These trucks are in Springs but they're not sitting in someone's driveway, because it's just plain mean to take pictures in someone's driveway.
These trucks are in Springs but they’re not sitting in someone’s driveway, because it’s just plain mean to take pictures in someone’s driveway.

The working man’s pickup truck has long been a symbol of Bonac pride, but out in the Springs hamlet of East Hampton, a war is now raging between neighbors who bring large work trucks home with them and other neighbors who believe those trucks are ruining their lives.

East Hampton has been debating for years how best to manage this war, and its latest iteration of a code that would better define the concept of a “light truck” met with more resistance than any proposal yet floated.

Working men passionately defended their trucks, while their neighbors, many of whom are relatively recent imports to Springs, said their quality of life is being ruined by trucks at a hearing before the East Hampton Town Board on July 17.

David Harry, who works for  a swimming pool company and spent years paying off a truck he bought himself after the brakes failed on a truck provided by his employer, was so choked with emotion by the proposal that he handed his written comments to Town Supervisor Larry Cantwell to read when he couldn’t continue to speak. ”

I have a knot in my stomach for a week now after reading about this in the paper,” he said.

Pat Brabant uses a plumber’s truck with a cap larger than the cab for his carpentry work.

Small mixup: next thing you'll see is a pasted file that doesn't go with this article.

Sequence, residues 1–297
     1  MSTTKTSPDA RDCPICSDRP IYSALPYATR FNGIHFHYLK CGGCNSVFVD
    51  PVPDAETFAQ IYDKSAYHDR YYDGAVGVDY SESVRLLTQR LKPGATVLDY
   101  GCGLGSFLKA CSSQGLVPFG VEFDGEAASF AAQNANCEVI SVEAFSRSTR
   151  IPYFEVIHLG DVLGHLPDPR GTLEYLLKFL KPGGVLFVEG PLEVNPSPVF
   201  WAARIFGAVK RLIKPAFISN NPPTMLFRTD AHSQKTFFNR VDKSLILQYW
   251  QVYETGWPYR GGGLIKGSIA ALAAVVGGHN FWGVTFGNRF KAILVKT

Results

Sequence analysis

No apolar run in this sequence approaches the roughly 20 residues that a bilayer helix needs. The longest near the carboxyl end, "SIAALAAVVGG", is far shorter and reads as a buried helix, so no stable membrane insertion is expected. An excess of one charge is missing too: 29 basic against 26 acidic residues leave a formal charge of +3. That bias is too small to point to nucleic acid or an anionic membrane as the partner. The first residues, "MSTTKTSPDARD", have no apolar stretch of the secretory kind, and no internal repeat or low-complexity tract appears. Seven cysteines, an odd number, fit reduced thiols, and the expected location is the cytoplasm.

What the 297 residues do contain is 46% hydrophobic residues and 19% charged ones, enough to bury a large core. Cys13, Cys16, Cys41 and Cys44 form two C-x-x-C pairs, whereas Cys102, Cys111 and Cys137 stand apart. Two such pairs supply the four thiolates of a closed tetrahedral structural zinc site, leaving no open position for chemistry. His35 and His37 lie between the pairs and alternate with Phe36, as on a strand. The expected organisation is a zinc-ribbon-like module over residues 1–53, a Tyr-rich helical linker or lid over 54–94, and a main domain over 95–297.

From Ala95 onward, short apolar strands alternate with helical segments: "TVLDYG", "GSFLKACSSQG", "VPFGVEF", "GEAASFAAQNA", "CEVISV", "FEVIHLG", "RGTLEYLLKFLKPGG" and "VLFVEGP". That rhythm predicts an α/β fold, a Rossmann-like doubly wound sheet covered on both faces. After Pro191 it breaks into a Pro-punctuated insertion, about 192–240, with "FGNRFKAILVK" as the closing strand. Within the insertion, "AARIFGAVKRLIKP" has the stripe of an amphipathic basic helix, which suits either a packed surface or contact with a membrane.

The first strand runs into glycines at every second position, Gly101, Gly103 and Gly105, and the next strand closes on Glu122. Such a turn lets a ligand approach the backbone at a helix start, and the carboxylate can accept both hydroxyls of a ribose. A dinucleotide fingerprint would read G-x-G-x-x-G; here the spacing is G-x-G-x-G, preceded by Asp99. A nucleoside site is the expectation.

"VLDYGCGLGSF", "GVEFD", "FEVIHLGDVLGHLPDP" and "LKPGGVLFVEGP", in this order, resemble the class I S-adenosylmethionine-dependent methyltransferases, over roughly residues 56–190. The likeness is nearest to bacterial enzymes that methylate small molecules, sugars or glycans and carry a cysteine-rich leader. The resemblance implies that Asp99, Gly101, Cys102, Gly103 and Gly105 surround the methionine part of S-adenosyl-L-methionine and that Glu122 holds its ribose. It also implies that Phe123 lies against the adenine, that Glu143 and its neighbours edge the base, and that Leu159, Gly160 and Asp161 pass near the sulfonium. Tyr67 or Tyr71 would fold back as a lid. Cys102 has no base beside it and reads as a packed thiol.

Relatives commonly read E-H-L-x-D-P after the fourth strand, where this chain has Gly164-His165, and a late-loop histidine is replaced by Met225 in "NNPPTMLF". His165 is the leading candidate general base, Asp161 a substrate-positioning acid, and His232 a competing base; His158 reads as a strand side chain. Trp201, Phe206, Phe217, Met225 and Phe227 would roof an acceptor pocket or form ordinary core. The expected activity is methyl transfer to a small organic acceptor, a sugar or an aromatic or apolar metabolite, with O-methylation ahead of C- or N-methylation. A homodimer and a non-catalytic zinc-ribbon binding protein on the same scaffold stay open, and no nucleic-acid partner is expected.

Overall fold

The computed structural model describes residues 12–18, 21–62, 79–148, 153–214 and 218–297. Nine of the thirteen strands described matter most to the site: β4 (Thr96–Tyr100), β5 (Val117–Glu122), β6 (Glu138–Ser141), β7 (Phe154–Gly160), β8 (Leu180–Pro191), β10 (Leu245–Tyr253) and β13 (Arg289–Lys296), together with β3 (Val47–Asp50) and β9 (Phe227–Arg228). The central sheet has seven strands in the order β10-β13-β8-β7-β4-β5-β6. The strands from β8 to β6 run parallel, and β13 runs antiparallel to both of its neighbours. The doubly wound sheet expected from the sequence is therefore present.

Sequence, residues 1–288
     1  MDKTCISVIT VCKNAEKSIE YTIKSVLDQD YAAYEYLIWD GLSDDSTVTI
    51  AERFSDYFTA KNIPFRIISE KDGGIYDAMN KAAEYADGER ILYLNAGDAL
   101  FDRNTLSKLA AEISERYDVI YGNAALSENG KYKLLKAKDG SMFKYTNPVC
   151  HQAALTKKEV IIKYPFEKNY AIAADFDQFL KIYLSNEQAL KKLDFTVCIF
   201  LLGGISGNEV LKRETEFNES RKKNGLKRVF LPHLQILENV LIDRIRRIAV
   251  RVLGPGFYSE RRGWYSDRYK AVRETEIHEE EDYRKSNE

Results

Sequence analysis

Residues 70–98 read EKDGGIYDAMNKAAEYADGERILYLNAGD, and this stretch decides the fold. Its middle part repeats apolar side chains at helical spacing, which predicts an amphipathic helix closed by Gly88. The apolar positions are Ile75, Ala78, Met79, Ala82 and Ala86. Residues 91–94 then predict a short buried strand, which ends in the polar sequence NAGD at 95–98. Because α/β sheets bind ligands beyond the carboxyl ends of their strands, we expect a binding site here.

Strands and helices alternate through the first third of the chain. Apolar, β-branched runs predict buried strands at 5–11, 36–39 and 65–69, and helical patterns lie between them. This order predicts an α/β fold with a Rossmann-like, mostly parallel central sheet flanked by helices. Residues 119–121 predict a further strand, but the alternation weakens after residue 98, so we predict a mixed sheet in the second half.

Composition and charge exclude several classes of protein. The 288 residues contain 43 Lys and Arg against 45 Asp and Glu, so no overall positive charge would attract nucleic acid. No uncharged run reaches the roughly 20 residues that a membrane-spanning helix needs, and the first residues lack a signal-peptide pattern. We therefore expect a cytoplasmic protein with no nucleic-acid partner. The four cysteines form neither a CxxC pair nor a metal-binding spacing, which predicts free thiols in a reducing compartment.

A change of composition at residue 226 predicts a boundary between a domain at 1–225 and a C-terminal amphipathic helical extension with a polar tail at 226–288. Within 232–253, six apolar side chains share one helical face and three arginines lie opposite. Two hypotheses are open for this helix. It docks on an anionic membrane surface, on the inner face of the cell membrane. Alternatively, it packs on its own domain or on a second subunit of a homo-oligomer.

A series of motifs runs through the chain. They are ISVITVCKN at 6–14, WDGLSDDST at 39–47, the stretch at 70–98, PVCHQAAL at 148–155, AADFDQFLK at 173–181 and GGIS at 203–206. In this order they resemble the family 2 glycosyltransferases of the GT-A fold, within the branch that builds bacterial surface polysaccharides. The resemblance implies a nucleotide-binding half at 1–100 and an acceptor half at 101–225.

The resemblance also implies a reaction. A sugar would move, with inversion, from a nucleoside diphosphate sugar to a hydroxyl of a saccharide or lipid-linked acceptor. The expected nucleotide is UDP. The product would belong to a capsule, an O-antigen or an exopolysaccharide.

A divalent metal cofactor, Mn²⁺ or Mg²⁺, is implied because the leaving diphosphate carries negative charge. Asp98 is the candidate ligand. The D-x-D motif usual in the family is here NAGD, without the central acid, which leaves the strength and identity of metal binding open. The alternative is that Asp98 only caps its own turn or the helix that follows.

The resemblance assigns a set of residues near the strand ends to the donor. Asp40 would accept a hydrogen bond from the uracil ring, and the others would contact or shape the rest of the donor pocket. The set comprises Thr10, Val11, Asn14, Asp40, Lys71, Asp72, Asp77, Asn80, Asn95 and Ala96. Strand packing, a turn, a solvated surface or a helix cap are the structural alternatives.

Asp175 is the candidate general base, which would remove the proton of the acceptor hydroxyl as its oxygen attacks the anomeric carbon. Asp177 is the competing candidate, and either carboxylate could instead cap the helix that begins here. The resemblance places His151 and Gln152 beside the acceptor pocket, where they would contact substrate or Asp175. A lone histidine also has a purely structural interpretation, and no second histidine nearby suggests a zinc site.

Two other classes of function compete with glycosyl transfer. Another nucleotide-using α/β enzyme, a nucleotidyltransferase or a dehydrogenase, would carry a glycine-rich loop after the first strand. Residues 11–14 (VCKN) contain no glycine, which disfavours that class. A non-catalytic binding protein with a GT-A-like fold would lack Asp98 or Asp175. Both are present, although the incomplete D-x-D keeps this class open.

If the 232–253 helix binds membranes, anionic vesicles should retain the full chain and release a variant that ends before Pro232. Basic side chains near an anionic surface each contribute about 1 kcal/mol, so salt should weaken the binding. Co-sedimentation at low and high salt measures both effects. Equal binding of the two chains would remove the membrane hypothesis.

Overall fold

“I don’t think any of us purposely has a trashy yard if they own their home,” he said, adding that many people in Springs use box trailers to store their equipment instead of building garages, because garages increase their property tax assessment. Springs residents have the highest taxes in East Hampton, due to the high number of children in the schools and the lack of commercial real estate.

Adam Osterweil, however, said he was “blissfully unaware” of the trucks in his environment, “until a full-fledged construction company” moved in next door to him. He put up with his neighbor’s constant use of commercial trucks until people who were working on his own house convinced him to complain.

“The people who urged me to make complaints were other business owners who resented the fact that this person was getting away with keeping his whole business on his property,” he said.

The code change essentially defines a “light truck” as an unmodified pickup truck of any weight r any other commercial vehicle that weighs less than 12,000 pounds, whose rear bed equipment is “no wider or taller than the vehicle’s cab.”

It would allow people to park only two commercially registered vehicles that meet those requirements in their driveways, and would also prohibit people from parking trailers that are longer than 18 feet, more than 1,000 pounds or have more than one axle. Box trailers would be illegal.

People would also be able to park one unregistered car for more than a year and up to two boats on their property.

Phyllis Italiano said she’s seen “a noticeable deterioration of my neighborhood in the last few years.”

“There’s more that’s been said about this law than any I’ve witnessed in 12 years here,” she said. “I’m flat out against this law. It’s convoluted and extremely difficult to understand. I have struggled to ferret out its meaning.”